This time around in 2016, the state has brought down the loss figure from INR 21,000 crore in 85 days in 2010 to INR 16,000 crore for almost 150 days to avoid humiliations which it had to faced previously on this count: ‘Conflict In Economy: The Other Perspective’. This year the state has been careful while computing these economic losses. By its admission Kashmiris lost INR 8,000 crore on account of the 2016 uprising.
It is pertinent to mention here that J&K is a consumer state and any disturbance in the region economically hurts many Indian states more than J&K itself. The poultry farmers in Punjab were severely hit by the continuing unrest in the Kashmir valley, hampering imports of their products to the state. In one of my detailed write-up, I analyzed that in 2010 poultry traders in Punjab supplied over half a million eggs and 40,000 to 50,000 chickens per day to meet the demand within J&K. These supplies cost nearly 50 million rupees per day. Nearly 90 per cent of the poultry farmers of the border belt of the Punjab are dependent on the supply to J&K, as there is huge demand of poultry products throughout the year in the state.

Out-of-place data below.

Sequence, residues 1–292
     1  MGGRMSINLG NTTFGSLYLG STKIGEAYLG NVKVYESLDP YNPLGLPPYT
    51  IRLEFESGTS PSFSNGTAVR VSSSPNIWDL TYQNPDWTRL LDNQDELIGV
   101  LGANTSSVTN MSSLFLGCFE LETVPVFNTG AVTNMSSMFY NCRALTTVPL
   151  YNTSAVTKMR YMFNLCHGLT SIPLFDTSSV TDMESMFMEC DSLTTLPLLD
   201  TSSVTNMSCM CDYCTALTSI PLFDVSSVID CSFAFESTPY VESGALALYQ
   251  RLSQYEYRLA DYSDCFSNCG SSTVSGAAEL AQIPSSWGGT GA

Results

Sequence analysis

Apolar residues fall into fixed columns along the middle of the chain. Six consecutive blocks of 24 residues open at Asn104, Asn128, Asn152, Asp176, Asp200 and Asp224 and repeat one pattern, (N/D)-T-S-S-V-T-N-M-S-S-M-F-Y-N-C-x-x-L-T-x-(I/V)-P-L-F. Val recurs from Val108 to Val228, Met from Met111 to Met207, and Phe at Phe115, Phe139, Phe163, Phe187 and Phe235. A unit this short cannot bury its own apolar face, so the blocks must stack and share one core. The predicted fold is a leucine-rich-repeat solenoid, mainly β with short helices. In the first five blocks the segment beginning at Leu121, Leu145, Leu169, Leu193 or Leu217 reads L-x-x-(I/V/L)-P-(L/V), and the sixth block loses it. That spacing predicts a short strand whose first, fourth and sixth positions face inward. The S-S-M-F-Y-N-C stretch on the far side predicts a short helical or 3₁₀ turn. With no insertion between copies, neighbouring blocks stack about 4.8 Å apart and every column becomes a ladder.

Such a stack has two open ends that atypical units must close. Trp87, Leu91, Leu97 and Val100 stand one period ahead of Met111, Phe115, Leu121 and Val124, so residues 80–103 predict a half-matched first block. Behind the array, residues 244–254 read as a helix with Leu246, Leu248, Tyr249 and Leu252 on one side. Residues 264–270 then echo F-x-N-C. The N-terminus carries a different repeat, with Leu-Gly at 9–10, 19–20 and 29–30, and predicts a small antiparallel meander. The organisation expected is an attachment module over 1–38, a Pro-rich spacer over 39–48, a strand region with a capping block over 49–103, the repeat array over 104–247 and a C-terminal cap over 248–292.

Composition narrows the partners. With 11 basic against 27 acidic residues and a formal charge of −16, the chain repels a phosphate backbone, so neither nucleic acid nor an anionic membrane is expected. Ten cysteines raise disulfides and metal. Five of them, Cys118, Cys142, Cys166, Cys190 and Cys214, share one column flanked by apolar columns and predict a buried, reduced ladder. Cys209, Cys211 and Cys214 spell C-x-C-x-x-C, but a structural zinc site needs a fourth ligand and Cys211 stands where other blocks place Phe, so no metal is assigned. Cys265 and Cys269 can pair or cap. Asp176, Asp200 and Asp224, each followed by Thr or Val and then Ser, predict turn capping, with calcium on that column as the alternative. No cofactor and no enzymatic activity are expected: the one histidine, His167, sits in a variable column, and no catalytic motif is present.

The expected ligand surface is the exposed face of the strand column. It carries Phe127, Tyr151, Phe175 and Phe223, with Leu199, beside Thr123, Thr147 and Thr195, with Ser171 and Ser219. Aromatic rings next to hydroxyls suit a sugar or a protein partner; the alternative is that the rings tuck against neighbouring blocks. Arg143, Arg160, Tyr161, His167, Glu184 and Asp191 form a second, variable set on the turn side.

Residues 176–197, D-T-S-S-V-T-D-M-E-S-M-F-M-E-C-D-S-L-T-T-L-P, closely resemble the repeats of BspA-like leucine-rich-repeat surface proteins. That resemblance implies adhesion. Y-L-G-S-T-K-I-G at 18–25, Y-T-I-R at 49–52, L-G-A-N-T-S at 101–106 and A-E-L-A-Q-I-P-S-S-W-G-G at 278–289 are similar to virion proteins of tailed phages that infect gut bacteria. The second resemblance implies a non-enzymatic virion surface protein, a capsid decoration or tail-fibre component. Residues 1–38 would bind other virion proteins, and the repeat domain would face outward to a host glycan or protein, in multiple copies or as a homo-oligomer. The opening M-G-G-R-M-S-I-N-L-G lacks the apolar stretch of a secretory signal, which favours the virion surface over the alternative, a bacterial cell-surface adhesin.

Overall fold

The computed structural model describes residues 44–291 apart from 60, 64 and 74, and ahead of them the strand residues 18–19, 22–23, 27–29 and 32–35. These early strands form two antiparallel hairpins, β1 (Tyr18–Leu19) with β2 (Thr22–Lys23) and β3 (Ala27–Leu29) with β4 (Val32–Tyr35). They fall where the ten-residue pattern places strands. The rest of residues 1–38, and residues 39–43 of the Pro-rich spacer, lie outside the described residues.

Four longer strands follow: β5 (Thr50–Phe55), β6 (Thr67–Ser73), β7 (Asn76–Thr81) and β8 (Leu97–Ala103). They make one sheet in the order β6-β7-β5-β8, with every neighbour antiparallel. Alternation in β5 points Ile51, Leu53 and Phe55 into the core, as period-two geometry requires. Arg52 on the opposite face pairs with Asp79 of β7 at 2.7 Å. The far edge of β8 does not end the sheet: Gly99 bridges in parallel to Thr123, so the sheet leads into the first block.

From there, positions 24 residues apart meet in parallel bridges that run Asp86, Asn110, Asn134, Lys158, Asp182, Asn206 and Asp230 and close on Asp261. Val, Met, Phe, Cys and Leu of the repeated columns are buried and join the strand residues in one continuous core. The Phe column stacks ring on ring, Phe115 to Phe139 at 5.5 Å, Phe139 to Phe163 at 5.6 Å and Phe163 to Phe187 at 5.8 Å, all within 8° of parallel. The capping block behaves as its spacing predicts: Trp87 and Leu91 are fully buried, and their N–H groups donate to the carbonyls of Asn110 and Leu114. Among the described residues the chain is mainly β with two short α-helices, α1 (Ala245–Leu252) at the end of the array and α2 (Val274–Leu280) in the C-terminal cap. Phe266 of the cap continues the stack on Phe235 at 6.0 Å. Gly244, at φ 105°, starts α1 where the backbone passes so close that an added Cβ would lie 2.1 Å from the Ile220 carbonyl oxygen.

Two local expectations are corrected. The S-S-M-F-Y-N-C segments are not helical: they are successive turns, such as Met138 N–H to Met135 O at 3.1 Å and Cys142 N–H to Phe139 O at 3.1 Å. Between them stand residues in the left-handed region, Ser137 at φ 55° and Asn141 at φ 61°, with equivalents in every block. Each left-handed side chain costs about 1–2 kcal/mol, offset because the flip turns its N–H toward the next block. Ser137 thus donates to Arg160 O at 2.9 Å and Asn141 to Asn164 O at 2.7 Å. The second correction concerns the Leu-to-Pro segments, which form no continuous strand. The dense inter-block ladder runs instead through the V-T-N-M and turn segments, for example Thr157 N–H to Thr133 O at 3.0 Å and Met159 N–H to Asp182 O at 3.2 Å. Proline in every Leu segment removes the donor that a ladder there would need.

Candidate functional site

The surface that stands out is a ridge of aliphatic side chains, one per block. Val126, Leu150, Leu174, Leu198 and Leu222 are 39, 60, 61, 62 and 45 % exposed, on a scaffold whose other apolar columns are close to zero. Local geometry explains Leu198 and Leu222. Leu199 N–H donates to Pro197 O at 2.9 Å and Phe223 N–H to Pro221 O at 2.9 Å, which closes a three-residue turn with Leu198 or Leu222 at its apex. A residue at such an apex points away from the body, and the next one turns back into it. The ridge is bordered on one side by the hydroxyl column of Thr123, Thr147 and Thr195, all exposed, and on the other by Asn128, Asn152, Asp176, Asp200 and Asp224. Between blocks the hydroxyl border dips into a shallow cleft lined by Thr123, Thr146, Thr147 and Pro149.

Also, Kashmir is among the biggest mutton consumers in the subcontinent. Estimates put the quantum of annual imports of mutton, milk and poultry to INR 160000 million. About 5000 sheep and goats are consumed daily in the valley, while the annual figures of the quantity of mutton consumed in the valley, including Ladakh, is at 34.032 million Kilograms. Of these, 21.0 million kilograms are imported from various Indian states while the remaining 1303.2 million kilograms come from the local market. It is high time to take several measures to discourage the imports and at the same time to increase production locally so as to achieve self-sufficiency in the state.
What does ‘normalcy’ mean (in Kashmir)?